Spanish Tapas and Wine Party Spanish Tapas and Wine Party

THE WINES– Have various wine bottles open for guests to choose from. Keep the Finos, Cavas and White Wines on ice and the red wines and Amontillados at room temperature.

Finos/Manzanillas– La Gitana Manzanilla is a classic, as well as the Tio Pepe Fino, both easy to find. Serve on their own, or make a Manzanilla cocktail such as the “Rebujito”.

Spanish tapas and wine party

Cava– Spain´s classic sparkling wine, Cava, has a whole range of quality spectrums. Freixenet produces millions of bottles of cheap and cheerful cava, while upmarket cellars like Agusti Torellò make sublime cavas like “Kripta”, on a par with a fine champagne. Our favorite producers include: Torellò, Parés Baltà, and Raventos i Blanc. Codorniu, one of the main (and one of the oldest) producers also make a wonderful rosé cava, lovely in summer.

Kripta Cava

Vino Blanco- Our favorite white wines in Spain at the moment include:As Sortes(from Valdeorras, made with the trendy Godello grape), Conreria de Scala Dei´s “winter white” Les Brugueres (a 14% Garnacha blanca based, delicious weighty white), Belondrade y Lurton´s RuedaSuperior (made with the zippy Verdejo grape) and the spectacular Selección de Añada Albariño from the Pazo de Señorans estate.

Best Spanish white wine

Vino Tinto-A crime to have to only choose a few favorites, but to choose a few…. begin the tapas party with a juicy red from the Finca Loranque estate (La Mancha) accompanied by the (Bierzo) ever-popular Dominio de Tares old vines. Carry on with the (Ribera del Duero) Arzuaga Crianza and contine with the Roda Reserva (our absolute favorite Rioja at the moment). If you want to splash out on a fab red, go for the Clos de l´Obac from the chic region of Priorat.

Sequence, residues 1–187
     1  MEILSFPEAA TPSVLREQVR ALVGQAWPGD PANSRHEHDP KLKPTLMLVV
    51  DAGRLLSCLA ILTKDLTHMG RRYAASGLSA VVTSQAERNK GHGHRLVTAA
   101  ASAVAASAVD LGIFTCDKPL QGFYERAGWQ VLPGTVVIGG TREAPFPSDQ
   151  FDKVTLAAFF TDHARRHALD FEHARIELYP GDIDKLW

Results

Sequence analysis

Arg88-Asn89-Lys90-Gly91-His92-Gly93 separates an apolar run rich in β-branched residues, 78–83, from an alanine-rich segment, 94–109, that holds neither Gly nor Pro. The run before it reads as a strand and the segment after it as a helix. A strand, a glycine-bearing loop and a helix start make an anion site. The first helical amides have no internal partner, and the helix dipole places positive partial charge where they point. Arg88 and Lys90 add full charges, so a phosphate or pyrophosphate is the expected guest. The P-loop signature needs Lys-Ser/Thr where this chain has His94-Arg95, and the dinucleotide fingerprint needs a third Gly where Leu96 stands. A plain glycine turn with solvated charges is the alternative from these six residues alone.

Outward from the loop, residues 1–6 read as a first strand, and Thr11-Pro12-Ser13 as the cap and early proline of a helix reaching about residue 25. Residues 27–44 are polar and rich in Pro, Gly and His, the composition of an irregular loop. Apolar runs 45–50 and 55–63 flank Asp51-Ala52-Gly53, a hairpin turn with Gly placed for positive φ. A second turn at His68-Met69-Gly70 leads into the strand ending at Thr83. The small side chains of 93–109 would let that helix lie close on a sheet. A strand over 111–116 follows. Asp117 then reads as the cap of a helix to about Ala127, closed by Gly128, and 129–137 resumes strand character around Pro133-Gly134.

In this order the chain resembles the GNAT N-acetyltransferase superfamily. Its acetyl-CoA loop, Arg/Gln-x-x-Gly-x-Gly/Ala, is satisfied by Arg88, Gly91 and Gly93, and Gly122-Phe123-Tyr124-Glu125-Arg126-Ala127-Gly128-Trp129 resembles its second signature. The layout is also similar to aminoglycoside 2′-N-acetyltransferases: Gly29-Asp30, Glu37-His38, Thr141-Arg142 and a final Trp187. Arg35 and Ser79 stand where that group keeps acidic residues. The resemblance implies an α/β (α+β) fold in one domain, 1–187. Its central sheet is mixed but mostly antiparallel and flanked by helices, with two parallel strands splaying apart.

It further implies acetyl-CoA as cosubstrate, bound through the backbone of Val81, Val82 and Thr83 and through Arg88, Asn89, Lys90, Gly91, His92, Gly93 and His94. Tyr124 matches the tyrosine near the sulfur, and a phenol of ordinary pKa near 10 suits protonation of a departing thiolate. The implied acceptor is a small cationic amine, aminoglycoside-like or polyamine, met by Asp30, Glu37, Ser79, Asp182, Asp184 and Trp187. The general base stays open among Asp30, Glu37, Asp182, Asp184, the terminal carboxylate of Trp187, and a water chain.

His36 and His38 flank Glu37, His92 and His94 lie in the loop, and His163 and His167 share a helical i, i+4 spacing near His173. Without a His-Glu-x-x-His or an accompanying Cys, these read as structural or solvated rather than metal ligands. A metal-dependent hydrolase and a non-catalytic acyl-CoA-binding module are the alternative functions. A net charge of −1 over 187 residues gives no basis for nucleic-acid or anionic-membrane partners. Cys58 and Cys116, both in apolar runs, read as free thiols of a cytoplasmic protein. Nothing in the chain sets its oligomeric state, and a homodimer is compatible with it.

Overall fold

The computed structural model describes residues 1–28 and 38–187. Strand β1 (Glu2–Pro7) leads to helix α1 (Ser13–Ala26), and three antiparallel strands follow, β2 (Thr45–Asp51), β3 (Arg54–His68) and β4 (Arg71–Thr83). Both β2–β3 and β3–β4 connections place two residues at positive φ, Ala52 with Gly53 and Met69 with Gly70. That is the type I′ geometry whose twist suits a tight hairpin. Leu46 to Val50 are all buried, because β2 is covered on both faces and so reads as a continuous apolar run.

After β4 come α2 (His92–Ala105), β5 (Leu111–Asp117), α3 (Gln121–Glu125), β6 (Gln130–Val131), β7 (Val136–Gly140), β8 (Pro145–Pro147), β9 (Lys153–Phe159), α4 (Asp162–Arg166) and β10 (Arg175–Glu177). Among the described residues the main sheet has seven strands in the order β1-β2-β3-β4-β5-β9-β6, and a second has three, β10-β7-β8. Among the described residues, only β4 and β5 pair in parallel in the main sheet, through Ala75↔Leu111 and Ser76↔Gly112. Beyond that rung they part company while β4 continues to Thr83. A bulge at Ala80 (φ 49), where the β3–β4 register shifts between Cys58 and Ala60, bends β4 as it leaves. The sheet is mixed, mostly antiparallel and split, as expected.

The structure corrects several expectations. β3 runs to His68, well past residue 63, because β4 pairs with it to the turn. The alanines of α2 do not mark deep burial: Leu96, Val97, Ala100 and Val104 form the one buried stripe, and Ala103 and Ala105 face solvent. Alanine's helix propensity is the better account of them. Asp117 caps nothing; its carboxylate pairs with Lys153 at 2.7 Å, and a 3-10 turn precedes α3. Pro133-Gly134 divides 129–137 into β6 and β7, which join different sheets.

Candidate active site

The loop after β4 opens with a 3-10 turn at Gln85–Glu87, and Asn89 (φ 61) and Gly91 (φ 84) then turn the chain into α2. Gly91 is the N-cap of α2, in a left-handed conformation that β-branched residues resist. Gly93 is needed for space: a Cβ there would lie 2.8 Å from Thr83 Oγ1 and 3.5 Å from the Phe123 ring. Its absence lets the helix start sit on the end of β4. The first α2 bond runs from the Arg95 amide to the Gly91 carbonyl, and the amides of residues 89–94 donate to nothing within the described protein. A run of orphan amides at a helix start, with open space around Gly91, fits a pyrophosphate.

Roda wine from Rioja

Other Sherries– We love sherries to accompany the cheeses and amontillado sherries in particular. Pick up a bottle of (dry and nutty) Amontillado from a good estate like Lustau and bring out with the cheeses. Learn more about Sherry here and discover the varied grapes of Spain here. Finally, see some top Spanish winery profiles here.

THE TAPAS- and on to the food! Some ideas for the tapas to choose:

Cheeses – Make  a Spanish cheese plate with cured Manchego, sultry Roncal, smoked Idiazabál, blue Cabrales, savory Ibores and creamy Garrotxa. If you can get your hands on a whole Torta del Casar cheese, this will probably be the party favorite! More info on Spanish Cheese.

Spanish tapas Party

Olives and nuts-some easy ideas for tapas:

– walnuts, panfried for five minutes with fresh rosemary and sea salt

– almonds, panfried (and moved constantly) with Spanish paprika (pimentón), sea salt and the smallest pinch of ground Cumin

– Spanish green (unpitted) olives marinated with garlic, olive oil, coriander seeds and fresh thyme

– Spanish black olives (unpitted) marinated with olive oil, lemon zest, cumin seeds, freshly chopped parsley

some tapas recipes here.



– Padrón peppers (Pimientos de Padrón) grilled with olive oil and sea salt

– Spanish red piquillo peppers (they come packed in jars), served on their own on a plate

– Green asparagus wrapped in Serrano ham and roast in the oven

Tortilla Española, the ultimate tapas party favorite


Meat based tapas